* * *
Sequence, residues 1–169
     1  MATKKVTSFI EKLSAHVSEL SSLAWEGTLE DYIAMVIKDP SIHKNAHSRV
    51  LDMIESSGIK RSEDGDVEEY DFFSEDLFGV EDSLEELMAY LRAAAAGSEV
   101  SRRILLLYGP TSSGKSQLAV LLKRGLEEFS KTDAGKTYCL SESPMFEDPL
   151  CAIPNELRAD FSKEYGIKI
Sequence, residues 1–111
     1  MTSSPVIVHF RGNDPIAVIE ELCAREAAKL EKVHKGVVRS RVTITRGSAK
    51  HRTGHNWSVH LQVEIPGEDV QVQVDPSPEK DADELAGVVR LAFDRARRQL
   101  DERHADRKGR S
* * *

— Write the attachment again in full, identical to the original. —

Sequence, residues 1–169
     1  MATKKVTSFI EKLSAHVSEL SSLAWEGTLE DYIAMVIKDP SIHKNAHSRV
    51  LDMIESSGIK RSEDGDVEEY DFFSEDLFGV EDSLEELMAY LRAAAAGSEV
   101  SRRILLLYGP TSSGKSQLAV LLKRGLEEFS KTDAGKTYCL SESPMFEDPL
   151  CAIPNELRAD FSKEYGIKI
Sequence, residues 1–111
     1  MTSSPVIVHF RGNDPIAVIE ELCAREAAKL EKVHKGVVRS RVTITRGSAK
    51  HRTGHNWSVH LQVEIPGEDV QVQVDPSPEK DADELAGVVR LAFDRARRQL
   101  DERHADRKGR S